We’re under constant threat
Not a day goes by when our technology isn’t somehow being bombarded by threats of compromise of some sort.
and probably more we don’t even realize.
As a result, we take steps. We use an assortment of tools and techniques to protect ourselves.
- Ad blockers
- anti-spyware tools
- anti-virus tools
- security suites
- password managers
- two-factor authentication
- DNS filters
and probably a host of other special-purpose tools I can’t even think of right now.
The goal, of course, is to be safe.
But can we “be” safe? Can we “be” secure?
Unfortunately, that’s the wrong question to ask.
There’s no such thing as “safe” or “secure”
You can’t be perfectly safe, or perfectly secure.
That’s true in life, and that’s especially true when it comes to technology.
The best we can hope for is safe or secure “enough”.
Security is a spectrum
It’s a spectrum where we make trade-off’s all the time, choosing between security and convenience.
A short easy to remember password? Convenient, but not very secure.
A long complicated one? More secure, but also difficult to manage.
You could write it down, that’s more convenient, but not as secure as, perhaps, using a password manager to track it for you.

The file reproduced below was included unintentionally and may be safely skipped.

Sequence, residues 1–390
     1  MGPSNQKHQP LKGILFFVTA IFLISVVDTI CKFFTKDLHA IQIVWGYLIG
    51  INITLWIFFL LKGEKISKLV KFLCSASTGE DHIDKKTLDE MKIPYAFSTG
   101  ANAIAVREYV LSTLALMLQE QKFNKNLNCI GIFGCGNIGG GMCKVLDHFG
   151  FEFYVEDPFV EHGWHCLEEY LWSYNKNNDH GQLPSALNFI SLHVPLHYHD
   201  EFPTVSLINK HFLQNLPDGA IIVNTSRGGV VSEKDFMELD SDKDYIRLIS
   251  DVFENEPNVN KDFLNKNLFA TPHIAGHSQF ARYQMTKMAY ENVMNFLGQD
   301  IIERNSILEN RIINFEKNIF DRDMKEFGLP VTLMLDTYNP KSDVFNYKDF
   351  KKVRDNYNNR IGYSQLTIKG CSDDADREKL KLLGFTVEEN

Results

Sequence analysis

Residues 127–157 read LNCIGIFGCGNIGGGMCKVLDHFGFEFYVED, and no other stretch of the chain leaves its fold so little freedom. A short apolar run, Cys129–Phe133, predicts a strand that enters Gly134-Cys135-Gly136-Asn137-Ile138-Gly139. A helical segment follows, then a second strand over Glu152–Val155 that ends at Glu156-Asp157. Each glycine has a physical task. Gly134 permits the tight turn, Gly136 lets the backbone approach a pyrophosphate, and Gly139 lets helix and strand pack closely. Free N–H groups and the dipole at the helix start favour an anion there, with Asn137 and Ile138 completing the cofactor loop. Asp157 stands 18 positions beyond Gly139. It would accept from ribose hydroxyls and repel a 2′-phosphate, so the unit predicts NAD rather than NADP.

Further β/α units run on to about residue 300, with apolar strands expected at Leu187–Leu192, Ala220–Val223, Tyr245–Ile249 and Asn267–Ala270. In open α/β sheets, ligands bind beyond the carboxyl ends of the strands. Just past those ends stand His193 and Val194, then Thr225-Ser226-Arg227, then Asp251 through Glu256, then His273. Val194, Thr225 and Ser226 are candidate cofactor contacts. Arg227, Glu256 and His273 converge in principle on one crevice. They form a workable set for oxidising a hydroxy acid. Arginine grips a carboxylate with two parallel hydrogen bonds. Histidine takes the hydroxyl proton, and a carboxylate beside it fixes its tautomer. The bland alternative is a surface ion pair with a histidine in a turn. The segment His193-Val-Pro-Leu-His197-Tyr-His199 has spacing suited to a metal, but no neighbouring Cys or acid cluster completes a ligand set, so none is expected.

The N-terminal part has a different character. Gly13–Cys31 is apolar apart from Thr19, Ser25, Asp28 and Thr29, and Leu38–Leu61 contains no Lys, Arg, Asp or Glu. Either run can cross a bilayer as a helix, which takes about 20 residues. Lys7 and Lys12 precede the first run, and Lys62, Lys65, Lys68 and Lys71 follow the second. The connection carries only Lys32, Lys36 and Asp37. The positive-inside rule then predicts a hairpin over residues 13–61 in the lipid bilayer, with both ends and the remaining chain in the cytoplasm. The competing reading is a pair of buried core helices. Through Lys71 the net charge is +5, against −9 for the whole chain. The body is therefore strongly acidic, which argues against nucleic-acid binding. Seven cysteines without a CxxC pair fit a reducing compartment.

Yet even there, a password manager is, itself, a tradeoff – it’s convenient, but you’re trusting the password manager to do things correctly, and not be compromised itself.
Security – all security – involves tradeoffs. Be it the passwords you choose, the security software you run, the websites you choose to visit … even the networks you choose to connect to when traveling.
Everything involves risk.
Managing that risk means we’re making tradeoffs on the security and safety spectrum.
What can we do
I don’t mean for this to scare you. The single most important thing you can do is very simple: be aware.
Just know that there’s no such thing as perfect security.
Never assume that because you’ve done “X” or installed “Y” that you’re now “safe”.
It just doesn’t work that way. You may be safer, but never perfectly safe.
All you need to is remember the spectrum of security, remember the trade-offs, and make informed decisions that balance convenience and security.
What do you think?
I’d love to hear what you think. If you’re watching this anywhere but on askleo.com come visit askleo.com/21748 for the full transcript, and moderated comments.
How do you balance convenience & security?
’till next time, I’m Leo Notenboom.
- Stay safe..
- have fun…
- and don’t forget to back up! 🙂
- It Pays to be Skeptical – If we could all be just a little more skeptical, we’d be safer, and the internet could be a more trustworthy place.
- Just what is ‘common sense’? – ‘Common sense’ is frequently suggested, often missing and rarely defined. I’ll take a look at some of what I feel are the characteristics of common sense.
- Stop spreading manure – Perhaps most importantly, stop believing it.
- How the internet is breaking journalism (and what it means to you) – When it comes to journalism and other information that you read on the internet, there’s a very strong argument that things are seriously broken. The result is that we all need to be more vigilant than ever to separate the truth from falsehood and recognize what’s important as opposed to what’s popular.